Common Core High School Algebra Teaching and Learning Resources
Domain: SSE: Seeing Structure in Expressions
Select the cluster for resources on this page:
SSEA: Interpret the structure of expressions.
Standards:
 SSEA.1. Interpret expressions that represent a quantity in terms of its context.
 SSEA.1.a. Interpret parts of an expression, such as terms, factors, and coefficients.
 SSEA.1.b. Interpret complicated expressions by viewing one or more of their parts as a single
entity. For example, interpret P (1 + r)^{n} as the product of P
and a factor not depending on P.
 SSEA.2. Use the structure of an expression to identify ways to rewrite it.
For example, see x^{4 }– y^{4} as (x^{2})^{2} – (y^{2})^{2},
thus recognizing it as a difference of squares that can be factored as (x^{2}  y^{2})(x^{2} + y^{2}).
Technologyenhanced investigations:
Mathwords.com: Math Dictionary:
Key vocabulary for this domain. Use with SSEA, SSEB:
National Library of Virtual Manipulatives:
Algebra Tiles: Visualize multiplying and factoring algebraic
expressions using tiles. Several activities are provided.
Purple Math:
Special
Factoring: Factoring differences of squares, sums and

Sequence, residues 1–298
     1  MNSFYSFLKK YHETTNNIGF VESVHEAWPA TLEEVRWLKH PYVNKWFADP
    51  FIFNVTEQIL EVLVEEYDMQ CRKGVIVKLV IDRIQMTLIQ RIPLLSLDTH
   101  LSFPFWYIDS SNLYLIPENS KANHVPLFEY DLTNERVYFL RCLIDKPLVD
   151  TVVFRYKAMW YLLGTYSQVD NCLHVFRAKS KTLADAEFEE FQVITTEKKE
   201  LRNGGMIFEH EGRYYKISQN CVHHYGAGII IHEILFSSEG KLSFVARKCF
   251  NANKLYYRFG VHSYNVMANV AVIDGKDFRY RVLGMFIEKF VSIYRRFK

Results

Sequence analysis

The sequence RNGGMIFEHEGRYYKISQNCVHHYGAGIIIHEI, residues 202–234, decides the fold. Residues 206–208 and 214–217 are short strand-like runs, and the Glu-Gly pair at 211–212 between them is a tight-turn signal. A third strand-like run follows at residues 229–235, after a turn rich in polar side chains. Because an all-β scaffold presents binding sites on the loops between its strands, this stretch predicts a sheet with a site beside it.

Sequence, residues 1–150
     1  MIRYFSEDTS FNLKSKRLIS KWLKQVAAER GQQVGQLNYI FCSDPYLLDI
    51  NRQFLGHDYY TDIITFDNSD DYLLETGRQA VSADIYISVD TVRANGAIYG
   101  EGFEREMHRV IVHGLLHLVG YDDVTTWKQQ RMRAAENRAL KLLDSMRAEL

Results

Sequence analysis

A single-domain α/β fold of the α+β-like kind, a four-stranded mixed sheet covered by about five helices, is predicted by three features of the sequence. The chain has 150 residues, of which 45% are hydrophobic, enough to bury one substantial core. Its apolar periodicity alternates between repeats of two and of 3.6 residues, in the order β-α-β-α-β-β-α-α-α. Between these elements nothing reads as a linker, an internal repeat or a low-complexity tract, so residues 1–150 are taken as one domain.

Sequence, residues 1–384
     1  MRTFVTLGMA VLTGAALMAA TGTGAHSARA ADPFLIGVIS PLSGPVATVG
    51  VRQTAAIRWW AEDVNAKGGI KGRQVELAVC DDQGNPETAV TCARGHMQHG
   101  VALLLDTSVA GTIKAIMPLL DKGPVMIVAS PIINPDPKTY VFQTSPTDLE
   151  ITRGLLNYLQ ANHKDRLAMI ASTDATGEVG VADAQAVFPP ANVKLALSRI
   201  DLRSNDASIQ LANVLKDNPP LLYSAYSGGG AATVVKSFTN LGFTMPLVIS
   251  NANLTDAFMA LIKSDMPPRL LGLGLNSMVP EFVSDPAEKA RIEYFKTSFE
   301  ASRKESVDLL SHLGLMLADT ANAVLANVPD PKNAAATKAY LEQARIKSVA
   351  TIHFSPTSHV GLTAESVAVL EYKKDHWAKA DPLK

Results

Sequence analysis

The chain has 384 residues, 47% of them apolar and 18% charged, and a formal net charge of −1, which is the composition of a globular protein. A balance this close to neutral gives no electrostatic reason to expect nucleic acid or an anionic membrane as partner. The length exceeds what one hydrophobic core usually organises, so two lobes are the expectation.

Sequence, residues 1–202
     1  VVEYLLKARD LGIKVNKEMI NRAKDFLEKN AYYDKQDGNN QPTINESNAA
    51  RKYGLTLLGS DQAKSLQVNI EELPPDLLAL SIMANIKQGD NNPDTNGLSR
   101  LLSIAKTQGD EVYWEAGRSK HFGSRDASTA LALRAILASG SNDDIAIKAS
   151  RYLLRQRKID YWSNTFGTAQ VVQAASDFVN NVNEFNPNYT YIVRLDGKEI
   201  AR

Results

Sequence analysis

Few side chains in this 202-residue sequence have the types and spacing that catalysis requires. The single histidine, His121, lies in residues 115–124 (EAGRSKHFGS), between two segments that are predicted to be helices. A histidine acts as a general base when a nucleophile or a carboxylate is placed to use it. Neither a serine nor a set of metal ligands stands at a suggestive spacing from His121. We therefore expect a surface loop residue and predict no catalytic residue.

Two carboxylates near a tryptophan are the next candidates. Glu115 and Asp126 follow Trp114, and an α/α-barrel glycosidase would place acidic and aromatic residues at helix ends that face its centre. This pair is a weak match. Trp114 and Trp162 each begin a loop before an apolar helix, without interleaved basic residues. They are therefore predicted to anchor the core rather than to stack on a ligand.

differences of cubes, recognizing patterns. Use with SSEA.2.
Wolfram Demonstrations Project:
Download the free Wolfram CDF player
to interact with the following manipulatives:

US Common Core State Standard Math HSASSE.A.1: 3
manipulatives: Binomial cube, sums of consecutive integers,
integer polynomial

US Common Core State Standard Math HSASSE.A.2: 9 manipulatives: Binomial cube, sums of consecutive integers, integer
polynomial, multiplying a monomial and a linear polynomial, squaring a
binomial, square of the sum of two numbers, multiplying
binomials, difference of cubes, difference of squares
YouTube video lessons:
Multiple Choice:
Constructedresponse:
Khan Academy:
Algebra
1: Polynomial Factorization and
Algebra 2: Polynomial Expressions, Equations, and Functions: Practice questions with videos.
Use the following with SSEA.2:
L. Spector: The Math Page: Skill in Algebra. Students see
worked examples of concepts and following the presentation within each
section, students are presented problems in constructed response form.
They would solve using paperpencil and then by using their mouse to
roll over a box, they see the solution to problems presented. Use
the following with SSEA.2:
Performance tasks:
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SSEB: Write expressions in equivalent
forms to solve problems
Standards:
 SSEB.3. Choose and produce an equivalent
form of an expression to reveal and explain properties of the
quantity represented by the expression.
 SSEB.3a. Factor a quadratic expression
to reveal the zeros of the function it defines.